The Project Manager will encourage conversations to determine the project success criteria after the project has been given the go-ahead. These will consist of the quantifiable results obtained during the project’s life cycle. These deliverables will include items related to scope, such as achieving the expected results, but they normally do not specify outcomes past the project’s closing stage.
Project success criteria examples include:
• The total project expenditures will not go over 5% of the allocated budget.
• All essential functional components will pass user acceptance testing with an acceptance percentage of at least 85%.
The project manager does not describe the items to be measured in either scenario, which should be evident by this time. They facilitate the talks, make sure the advantages and criteria are documented, and they will help with the results reporting. What constitutes a successful project implementation is ultimately determined by the project stakeholders, including the end users.
The SMART goal technique is the optimum framework to employ in both cases—benefits and success criteria. The SMART goal method fits well because it calls for the definition of time-bound, concrete, measurable goals. A well-written set of success criteria should also demonstrate alignment with the organization’s vision and strategic goals in addition to the project’s broad scope.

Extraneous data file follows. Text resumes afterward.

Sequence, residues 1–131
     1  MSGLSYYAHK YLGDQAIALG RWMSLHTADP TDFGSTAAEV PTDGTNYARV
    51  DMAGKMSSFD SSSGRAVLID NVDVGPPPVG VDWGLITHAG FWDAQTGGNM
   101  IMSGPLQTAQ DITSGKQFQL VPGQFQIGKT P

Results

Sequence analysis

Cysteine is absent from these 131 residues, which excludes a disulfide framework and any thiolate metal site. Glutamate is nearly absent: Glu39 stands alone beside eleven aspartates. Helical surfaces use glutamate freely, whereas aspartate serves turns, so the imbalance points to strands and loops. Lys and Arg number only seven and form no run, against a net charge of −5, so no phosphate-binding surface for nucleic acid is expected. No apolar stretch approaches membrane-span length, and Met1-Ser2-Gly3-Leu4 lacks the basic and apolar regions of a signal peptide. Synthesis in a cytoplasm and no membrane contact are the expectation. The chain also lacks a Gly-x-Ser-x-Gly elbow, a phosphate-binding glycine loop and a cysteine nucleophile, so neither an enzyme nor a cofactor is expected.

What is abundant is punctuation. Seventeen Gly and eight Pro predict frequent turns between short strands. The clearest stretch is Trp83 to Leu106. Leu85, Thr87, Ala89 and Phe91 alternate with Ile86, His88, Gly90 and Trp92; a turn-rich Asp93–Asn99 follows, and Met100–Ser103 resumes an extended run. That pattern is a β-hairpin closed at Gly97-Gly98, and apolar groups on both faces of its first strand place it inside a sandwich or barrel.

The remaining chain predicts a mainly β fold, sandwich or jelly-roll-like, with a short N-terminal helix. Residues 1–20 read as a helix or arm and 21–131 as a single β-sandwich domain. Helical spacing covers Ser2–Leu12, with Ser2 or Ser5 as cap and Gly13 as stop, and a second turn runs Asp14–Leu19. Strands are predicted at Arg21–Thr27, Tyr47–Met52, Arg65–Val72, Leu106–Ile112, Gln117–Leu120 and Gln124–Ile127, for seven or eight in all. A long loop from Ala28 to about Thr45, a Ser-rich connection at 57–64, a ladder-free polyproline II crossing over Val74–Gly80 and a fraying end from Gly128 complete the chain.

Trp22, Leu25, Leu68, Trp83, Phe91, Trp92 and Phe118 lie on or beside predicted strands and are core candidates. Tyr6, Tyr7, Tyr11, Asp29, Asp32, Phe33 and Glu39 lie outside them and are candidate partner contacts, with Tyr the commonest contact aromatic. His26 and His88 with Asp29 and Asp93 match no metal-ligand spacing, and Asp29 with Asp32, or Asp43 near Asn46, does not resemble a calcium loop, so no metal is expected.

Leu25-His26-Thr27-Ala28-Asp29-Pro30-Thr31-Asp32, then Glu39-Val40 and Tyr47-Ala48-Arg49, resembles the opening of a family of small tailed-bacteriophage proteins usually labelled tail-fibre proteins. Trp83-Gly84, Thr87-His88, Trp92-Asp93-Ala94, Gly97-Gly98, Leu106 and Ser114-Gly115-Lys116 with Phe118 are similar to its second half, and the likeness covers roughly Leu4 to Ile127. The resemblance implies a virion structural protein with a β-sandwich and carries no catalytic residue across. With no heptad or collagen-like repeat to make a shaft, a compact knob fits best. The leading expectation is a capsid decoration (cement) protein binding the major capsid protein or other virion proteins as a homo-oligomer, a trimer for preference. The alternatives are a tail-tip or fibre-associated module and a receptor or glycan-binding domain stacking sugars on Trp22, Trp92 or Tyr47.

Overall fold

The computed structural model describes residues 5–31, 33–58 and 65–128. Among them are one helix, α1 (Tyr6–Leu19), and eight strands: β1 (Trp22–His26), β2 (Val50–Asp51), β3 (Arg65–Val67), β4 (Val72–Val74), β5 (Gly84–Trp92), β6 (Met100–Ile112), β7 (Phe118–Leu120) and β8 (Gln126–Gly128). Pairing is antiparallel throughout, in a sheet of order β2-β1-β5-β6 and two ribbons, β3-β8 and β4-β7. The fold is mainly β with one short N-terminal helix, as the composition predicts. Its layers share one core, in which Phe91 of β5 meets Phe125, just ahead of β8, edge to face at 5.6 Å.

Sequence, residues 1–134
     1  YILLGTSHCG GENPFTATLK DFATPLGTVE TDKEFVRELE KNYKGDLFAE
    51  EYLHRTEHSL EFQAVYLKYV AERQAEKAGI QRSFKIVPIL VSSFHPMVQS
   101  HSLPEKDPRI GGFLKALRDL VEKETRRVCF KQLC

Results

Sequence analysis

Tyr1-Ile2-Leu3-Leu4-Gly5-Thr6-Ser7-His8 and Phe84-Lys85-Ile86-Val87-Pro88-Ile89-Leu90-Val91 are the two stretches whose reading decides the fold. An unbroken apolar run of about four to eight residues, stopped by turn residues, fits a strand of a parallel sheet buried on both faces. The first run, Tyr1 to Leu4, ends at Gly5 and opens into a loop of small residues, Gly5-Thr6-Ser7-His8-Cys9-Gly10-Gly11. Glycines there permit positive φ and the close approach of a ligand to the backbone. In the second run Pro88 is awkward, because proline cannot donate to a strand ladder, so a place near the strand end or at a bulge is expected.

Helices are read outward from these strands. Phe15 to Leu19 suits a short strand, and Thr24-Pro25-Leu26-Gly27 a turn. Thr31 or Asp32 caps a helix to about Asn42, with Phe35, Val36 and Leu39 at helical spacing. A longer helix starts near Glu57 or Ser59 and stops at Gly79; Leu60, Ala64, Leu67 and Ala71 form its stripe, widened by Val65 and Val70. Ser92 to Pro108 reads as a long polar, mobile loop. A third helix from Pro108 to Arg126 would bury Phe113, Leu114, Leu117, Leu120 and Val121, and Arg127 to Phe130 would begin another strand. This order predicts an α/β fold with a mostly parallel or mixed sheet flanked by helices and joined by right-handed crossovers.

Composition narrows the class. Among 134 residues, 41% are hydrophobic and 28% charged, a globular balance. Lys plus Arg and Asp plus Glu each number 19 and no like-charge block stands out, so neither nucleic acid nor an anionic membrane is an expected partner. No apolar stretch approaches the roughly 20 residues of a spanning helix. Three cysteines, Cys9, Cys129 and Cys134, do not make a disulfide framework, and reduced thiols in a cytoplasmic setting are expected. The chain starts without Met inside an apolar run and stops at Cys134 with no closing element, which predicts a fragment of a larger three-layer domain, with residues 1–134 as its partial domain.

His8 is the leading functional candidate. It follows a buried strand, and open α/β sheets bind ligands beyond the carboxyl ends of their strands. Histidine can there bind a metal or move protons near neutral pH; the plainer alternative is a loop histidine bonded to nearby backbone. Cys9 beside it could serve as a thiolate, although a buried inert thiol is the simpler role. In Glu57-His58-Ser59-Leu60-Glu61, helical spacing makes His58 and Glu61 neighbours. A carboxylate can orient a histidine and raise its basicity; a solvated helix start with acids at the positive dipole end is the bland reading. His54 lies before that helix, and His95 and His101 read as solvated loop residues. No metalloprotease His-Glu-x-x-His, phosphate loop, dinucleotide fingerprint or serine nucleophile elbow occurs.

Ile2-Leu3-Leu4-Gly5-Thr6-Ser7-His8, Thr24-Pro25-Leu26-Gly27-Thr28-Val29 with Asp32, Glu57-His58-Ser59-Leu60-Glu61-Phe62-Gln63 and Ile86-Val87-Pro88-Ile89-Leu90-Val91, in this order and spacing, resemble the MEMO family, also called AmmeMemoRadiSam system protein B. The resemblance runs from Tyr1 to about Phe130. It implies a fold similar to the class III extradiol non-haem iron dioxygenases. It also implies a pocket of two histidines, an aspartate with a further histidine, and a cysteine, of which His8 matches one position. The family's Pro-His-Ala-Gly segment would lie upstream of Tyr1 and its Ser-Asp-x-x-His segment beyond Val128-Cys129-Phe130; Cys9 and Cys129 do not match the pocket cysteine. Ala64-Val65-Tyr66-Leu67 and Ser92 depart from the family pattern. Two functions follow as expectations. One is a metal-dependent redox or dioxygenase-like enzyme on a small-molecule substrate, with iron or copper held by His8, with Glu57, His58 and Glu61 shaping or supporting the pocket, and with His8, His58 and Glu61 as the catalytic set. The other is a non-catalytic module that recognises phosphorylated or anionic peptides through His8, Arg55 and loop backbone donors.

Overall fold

The Project Manager is in charge of keeping track of and reporting on the benefits and success criteria, as was already established. You may have observed, though, that the advantages indicated above in the example illustrate measurements that are established after the initiative is put into action. While project managers can easily report on project success metrics that need to be assessed throughout a project’s life cycle, projects and their managers are by nature transient. When a project is finished and the project manager has been transferred, how does an organization subsequently proceed with reporting the performance of a benefit?